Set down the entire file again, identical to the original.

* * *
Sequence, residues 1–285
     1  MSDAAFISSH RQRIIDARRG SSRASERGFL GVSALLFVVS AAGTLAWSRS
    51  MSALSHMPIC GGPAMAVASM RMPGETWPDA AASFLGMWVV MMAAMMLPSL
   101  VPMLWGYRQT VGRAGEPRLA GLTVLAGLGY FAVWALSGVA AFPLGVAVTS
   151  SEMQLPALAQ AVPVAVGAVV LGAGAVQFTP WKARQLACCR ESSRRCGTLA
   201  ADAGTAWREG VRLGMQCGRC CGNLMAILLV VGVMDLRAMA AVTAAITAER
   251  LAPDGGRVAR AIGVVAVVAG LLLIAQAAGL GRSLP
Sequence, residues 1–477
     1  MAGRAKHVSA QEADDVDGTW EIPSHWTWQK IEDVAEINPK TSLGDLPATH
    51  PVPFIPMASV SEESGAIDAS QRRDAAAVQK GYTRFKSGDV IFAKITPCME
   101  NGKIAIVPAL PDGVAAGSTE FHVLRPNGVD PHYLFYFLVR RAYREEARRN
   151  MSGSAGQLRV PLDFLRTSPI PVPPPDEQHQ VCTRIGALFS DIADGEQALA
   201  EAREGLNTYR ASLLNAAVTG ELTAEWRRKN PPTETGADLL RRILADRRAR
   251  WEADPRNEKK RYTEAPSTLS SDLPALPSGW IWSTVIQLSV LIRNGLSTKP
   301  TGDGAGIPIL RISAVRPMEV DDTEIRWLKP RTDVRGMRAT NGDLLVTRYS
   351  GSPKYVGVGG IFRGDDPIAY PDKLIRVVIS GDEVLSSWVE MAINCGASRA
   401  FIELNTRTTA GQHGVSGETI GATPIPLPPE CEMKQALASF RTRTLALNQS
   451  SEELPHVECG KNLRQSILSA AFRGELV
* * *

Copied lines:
Sequence, residues 1–285
     1  MSDAAFISSH RQRIIDARRG SSRASERGFL GVSALLFVVS AAGTLAWSRS
    51  MSALSHMPIC GGPAMAVASM RMPGETWPDA AASFLGMWVV MMAAMMLPSL
   101  VPMLWGYRQT VGRAGEPRLA GLTVLAGLGY FAVWALSGVA AFPLGVAVTS
   151  SEMQLPALAQ AVPVAVGAVV LGAGAVQFTP WKARQLACCR ESSRRCGTLA
   201  ADAGTAWREG VRLGMQCGRC CGNLMAILLV VGVMDLRAMA AVTAAITAER
   251  LAPDGGRVAR AIGVVAVVAG LLLIAQAAGL GRSLP
Sequence, residues 1–477
     1  MAGRAKHVSA QEADDVDGTW EIPSHWTWQK IEDVAEINPK TSLGDLPATH
    51  PVPFIPMASV SEESGAIDAS QRRDAAAVQK GYTRFKSGDV IFAKITPCME
   101  NGKIAIVPAL PDGVAAGSTE FHVLRPNGVD PHYLFYFLVR RAYREEARRN
   151  MSGSAGQLRV PLDFLRTSPI PVPPPDEQHQ VCTRIGALFS DIADGEQALA
   201  EAREGLNTYR ASLLNAAVTG ELTAEWRRKN PPTETGADLL RRILADRRAR
   251  WEADPRNEKK RYTEAPSTLS SDLPALPSGW IWSTVIQLSV LIRNGLSTKP
   301  TGDGAGIPIL RISAVRPMEV DDTEIRWLKP RTDVRGMRAT NGDLLVTRYS
   351  GSPKYVGVGG IFRGDDPIAY PDKLIRVVIS GDEVLSSWVE MAINCGASRA
   401  FIELNTRTTA GQHGVSGETI GATPIPLPPE CEMKQALASF RTRTLALNQS
   451  SEELPHVECG KNLRQSILSA AFRGELV